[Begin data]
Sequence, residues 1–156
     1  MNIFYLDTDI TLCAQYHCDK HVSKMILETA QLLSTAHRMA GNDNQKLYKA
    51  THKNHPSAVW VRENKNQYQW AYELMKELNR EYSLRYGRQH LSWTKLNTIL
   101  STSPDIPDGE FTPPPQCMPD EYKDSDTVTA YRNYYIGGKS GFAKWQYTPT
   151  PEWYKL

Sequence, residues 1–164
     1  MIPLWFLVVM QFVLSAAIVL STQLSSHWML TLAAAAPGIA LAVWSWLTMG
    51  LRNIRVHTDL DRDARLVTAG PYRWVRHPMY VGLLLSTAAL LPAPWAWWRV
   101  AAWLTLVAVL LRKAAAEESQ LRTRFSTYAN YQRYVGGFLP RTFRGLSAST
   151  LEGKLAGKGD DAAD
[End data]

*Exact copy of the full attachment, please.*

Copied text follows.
Sequence, residues 1–156
     1  MNIFYLDTDI TLCAQYHCDK HVSKMILETA QLLSTAHRMA GNDNQKLYKA
    51  THKNHPSAVW VRENKNQYQW AYELMKELNR EYSLRYGRQH LSWTKLNTIL
   101  STSPDIPDGE FTPPPQCMPD EYKDSDTVTA YRNYYIGGKS GFAKWQYTPT
   151  PEWYKL

Sequence, residues 1–164
     1  MIPLWFLVVM QFVLSAAIVL STQLSSHWML TLAAAAPGIA LAVWSWLTMG
    51  LRNIRVHTDL DRDARLVTAG PYRWVRHPMY VGLLLSTAAL LPAPWAWWRV
   101  AAWLTLVAVL LRKAAAEESQ LRTRFSTYAN YQRYVGGFLP RTFRGLSAST
   151  LEGKLAGKGD DAAD